Encrypting tape adds security, but it can also add significant costs if you attempt to encrypt your data before compressing it. Compression works by squeezing redundancy out of data, although encrypted data typically has very little redundancy to squeeze. Without compression, a typical backup requires between 1.5 and 2 times as much tape.
By submitting your personal information, you agree that TechTarget and its partners may contact you regarding relevant content, products and special offers.
However, compressed data encrypts just as well as uncompressed data. Therefore, you should compress your backups before you encrypt them. The problem is that in most enterprises, compression is handled by the tape drives themselves. To make this approach work, you need to do your compression elsewhere.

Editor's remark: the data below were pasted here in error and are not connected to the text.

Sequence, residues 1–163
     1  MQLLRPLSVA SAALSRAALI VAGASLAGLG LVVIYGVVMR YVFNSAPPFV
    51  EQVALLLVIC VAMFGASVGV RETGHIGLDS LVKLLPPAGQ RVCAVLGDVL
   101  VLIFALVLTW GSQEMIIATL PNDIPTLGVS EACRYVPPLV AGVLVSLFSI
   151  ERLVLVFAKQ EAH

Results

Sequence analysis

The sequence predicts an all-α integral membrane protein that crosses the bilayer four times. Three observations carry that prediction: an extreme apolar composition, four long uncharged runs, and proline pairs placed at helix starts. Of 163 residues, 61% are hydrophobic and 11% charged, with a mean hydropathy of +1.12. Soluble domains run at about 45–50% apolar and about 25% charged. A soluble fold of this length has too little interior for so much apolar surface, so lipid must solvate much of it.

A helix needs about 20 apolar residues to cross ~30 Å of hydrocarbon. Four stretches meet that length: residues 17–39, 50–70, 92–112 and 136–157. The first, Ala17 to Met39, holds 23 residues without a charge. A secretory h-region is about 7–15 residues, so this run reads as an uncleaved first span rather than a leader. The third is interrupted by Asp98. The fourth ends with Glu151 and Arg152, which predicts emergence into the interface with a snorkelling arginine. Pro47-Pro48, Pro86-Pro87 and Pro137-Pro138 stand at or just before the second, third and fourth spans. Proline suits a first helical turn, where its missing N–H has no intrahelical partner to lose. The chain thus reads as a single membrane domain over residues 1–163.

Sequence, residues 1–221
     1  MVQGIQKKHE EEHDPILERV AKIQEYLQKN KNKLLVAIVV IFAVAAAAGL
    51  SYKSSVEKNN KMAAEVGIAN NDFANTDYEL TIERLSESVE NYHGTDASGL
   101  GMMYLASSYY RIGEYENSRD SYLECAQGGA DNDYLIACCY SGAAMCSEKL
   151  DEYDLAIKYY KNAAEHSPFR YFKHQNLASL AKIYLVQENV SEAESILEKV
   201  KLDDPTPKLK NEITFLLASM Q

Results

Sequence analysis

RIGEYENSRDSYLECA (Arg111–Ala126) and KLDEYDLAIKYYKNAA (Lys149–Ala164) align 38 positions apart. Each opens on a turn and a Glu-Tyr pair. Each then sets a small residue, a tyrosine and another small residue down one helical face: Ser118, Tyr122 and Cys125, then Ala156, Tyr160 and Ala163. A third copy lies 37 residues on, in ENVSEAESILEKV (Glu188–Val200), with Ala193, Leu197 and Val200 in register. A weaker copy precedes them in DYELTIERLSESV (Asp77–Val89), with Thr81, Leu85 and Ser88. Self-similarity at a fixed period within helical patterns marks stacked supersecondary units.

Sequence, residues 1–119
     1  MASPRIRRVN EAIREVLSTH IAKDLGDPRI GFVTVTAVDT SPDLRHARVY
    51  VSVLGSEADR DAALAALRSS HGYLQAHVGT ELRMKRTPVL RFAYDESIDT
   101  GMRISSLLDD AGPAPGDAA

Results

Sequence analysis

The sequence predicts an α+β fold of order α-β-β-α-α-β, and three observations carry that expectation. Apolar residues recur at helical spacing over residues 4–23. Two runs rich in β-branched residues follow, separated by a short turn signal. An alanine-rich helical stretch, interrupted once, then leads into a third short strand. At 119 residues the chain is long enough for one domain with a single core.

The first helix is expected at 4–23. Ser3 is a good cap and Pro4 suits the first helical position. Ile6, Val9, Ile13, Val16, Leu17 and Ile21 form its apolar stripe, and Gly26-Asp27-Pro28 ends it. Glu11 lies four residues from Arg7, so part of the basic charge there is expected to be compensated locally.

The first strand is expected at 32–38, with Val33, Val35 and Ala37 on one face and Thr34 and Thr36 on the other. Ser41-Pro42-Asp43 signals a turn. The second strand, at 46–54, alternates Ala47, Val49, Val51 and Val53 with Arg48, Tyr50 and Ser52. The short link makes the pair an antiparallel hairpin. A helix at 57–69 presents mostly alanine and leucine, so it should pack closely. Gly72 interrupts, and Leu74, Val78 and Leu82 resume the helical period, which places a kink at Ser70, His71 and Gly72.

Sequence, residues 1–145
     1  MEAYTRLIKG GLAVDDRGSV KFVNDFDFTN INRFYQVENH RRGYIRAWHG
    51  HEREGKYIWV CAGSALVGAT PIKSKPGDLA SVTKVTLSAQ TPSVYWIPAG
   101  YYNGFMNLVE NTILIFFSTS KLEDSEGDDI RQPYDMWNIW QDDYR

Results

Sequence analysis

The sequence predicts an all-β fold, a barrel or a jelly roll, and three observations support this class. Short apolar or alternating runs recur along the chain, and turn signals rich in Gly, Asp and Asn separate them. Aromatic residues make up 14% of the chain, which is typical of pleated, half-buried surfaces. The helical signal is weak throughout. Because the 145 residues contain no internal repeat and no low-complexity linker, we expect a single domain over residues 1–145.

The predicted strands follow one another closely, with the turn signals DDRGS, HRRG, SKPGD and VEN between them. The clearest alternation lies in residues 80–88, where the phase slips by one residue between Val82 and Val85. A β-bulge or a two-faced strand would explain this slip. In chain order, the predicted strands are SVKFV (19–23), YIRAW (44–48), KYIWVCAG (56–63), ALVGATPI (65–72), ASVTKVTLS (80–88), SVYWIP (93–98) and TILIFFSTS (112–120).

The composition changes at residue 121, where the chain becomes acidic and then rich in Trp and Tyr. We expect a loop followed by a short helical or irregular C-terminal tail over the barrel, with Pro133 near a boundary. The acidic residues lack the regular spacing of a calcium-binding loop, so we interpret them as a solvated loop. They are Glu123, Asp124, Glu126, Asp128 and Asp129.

If you encrypt your backups in hardware, this usually isn't a problem. Most encryption appliances, such as NeoScale CryptoStor and Decru DataFort, can compress data before they encrypt it. However, if you are using software encryption, you will need to use a separate data compression utility or a backup program with compression that will work with your encryption software. Many backup programs, such as Veritas Backup Exec, will compress data; some programs, such as SQL Backup from Red-Gate Software, handle both compression and encryption.
The good news is that the compression shouldn't slow down your backups. While encrypting to an acceptable level of security tends to be slow, compression generally isn't. If you handle the entire process in software, compressing the data won't add much, if any, time to the process.
For more information:
About the author: Rick Cook has been writing about mass storage since the days when the term meant an 80 K floppy disk. The computers he learned on used ferrite cores and magnetic drums. For the last 20 years, he has been a freelance writer specializing in storage and other computer issues.